# Where heat goes in and out for a thermodynamic cycle? (ideal cycle and cycles in general)

I'm trying to work out the efficiency for this cycle. I've found out the work and heat for all legs of the cycle because they tell me how to do it in the lecture notes. I get that the efficiency of the thermodynamic cycle is $\frac{Work}{Q_{in}}$ which is $1-\frac{Q_{out}}{Q_{in}}$.

But I am unable to figure out where the heat goes in or out for any cycle. Can someone please tell me how to figure this out, and how I can tell just by looking at the cycle, because all the questions ask me where the heat goes in and out before any of the calculations. Right now all my Work and Heat calculations are in terms of volume and pressure.

Are there any formulas I should know to help me get the efficiency in terms of temperature?

I'll assume that the working substance is an ideal gas.

You need to make use of the First Law of Thermodynamics:

$$Increase\ in\ internal\ energy\ of\ gas = Heat\ into\ gas\ – Work\ done\ by\ gas$$ That is $$\Delta U = Q - W$$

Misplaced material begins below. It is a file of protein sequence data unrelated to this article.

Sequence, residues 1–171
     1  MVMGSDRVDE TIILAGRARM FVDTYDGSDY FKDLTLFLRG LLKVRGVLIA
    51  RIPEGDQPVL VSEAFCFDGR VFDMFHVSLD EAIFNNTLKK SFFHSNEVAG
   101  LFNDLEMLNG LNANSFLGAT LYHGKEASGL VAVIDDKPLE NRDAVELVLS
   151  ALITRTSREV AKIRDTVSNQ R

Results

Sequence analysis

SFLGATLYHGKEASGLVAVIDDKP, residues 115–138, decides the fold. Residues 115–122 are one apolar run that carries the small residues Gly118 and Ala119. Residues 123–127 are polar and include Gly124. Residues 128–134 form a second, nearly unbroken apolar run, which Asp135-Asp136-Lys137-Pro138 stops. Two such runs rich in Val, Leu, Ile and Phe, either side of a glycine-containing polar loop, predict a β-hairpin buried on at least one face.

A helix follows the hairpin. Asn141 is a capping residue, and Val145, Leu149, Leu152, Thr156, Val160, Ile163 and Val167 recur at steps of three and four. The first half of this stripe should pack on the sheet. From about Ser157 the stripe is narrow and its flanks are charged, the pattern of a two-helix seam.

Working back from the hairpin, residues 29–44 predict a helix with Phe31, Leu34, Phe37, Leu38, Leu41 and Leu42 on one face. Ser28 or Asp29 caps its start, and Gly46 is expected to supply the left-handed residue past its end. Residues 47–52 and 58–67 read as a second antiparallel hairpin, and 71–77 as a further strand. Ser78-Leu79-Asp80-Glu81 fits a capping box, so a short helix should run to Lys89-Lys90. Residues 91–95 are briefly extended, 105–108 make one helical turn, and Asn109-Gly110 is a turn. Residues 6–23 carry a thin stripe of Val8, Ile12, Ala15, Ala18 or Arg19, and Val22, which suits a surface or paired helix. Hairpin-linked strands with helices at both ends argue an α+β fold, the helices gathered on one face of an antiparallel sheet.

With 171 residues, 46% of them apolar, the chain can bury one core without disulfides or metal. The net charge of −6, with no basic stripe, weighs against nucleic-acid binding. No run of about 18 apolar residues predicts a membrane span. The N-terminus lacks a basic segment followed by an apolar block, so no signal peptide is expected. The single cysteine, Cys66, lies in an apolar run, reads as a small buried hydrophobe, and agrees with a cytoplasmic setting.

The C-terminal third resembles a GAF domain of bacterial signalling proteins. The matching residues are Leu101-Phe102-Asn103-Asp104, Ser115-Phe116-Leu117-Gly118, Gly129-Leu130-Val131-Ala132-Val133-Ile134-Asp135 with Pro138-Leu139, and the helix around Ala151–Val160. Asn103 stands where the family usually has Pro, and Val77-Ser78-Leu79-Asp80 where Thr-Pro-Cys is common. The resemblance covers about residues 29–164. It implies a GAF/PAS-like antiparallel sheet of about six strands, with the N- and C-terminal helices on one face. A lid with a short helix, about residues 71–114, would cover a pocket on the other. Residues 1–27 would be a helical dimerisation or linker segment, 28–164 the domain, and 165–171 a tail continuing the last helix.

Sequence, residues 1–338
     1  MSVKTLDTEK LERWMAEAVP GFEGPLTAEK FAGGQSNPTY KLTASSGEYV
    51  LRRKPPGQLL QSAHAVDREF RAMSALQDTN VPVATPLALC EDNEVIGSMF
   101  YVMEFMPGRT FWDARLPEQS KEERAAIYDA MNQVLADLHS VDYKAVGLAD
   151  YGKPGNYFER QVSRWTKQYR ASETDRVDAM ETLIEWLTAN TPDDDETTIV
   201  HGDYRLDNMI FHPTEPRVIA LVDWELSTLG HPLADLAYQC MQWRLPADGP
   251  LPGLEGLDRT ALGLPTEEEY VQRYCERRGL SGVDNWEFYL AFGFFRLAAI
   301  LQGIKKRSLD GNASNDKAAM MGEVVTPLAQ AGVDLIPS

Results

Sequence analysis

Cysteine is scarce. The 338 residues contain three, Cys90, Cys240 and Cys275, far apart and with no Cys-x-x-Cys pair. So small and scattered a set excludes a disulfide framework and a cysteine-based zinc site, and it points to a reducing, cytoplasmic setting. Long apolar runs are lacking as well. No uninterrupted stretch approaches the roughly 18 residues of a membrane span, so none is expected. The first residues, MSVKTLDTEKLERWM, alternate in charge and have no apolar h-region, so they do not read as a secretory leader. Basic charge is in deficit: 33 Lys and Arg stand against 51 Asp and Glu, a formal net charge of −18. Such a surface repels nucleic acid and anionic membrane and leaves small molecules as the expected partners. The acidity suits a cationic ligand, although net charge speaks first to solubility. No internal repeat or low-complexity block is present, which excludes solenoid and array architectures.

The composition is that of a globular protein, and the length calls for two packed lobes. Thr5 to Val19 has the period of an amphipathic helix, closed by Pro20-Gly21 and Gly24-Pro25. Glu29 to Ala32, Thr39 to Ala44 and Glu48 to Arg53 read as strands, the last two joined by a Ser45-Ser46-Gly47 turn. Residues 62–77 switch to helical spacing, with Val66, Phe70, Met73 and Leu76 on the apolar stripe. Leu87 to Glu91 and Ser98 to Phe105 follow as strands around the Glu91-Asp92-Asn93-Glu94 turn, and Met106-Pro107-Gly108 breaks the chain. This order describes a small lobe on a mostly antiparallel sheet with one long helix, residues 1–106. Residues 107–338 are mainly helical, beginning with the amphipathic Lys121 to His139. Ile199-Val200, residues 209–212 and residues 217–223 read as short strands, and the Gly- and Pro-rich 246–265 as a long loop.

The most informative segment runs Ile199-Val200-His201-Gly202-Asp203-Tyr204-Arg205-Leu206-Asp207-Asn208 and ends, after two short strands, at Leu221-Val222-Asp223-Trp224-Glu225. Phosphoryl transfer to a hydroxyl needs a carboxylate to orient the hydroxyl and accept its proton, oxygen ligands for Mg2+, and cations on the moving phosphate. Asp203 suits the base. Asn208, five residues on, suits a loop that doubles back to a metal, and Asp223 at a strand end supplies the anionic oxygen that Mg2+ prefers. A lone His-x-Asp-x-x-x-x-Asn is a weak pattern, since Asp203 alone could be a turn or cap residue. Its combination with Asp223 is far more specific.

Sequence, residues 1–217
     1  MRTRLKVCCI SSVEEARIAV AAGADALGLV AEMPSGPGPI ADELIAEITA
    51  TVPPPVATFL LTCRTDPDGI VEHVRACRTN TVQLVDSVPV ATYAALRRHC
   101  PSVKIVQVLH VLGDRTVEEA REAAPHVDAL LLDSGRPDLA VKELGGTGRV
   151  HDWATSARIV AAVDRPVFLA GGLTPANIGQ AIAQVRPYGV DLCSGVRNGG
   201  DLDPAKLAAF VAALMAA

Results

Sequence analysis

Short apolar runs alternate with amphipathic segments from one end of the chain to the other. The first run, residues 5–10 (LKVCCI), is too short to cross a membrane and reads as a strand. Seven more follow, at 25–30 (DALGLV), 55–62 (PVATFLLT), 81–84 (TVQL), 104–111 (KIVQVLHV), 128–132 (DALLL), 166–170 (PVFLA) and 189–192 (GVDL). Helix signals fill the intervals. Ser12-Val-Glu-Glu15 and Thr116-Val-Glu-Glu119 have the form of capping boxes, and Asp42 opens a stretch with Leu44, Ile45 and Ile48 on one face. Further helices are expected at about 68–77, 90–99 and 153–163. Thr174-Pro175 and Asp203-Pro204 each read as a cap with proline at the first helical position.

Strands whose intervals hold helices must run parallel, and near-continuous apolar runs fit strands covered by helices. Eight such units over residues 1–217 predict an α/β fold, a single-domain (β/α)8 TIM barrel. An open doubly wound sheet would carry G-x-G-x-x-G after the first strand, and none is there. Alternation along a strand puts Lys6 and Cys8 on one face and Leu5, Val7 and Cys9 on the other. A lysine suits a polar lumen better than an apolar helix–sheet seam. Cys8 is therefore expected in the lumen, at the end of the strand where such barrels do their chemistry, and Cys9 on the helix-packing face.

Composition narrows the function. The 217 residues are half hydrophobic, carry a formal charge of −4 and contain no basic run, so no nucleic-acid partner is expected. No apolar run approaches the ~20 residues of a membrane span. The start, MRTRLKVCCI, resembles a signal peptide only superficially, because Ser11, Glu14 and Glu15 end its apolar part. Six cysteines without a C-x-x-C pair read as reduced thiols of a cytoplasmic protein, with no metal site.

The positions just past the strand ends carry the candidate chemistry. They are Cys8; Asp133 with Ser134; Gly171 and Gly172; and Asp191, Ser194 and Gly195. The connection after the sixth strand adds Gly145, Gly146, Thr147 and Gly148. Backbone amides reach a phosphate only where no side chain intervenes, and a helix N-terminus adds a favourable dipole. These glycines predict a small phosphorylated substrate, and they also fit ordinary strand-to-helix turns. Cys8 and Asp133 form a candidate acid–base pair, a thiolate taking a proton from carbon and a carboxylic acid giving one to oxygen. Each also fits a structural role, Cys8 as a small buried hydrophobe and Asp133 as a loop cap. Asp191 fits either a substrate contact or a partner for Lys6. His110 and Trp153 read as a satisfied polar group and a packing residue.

I'll explain what to do in A and B and leave C and D to you.

In A, $W$ is clearly positive ($p$ and $\Delta V$ both positive). But $\Delta U$ is also positive because there must be a temperature rise in order for the volume to increase at constant pressure ($pV=nRT$). Therefore, from the First Law, $Q$ is positive, that is heat must flow in. This should make sense: the heat input allows the gas both to gain internal energy and to do work.

In B no work is done, but the internal energy falls ($\Delta U$ negative). This is the only way the gas pressure could fall at constant volume ($pV=nRT$). Therefore, from the First Law, $Q$ is negative – heat must flow out.

Hope you get the idea. Don't forget that you can also look at the whole cycle. Overall, $\Delta U = 0$, as the gas is back in the state it started, so $Q=W$ overall.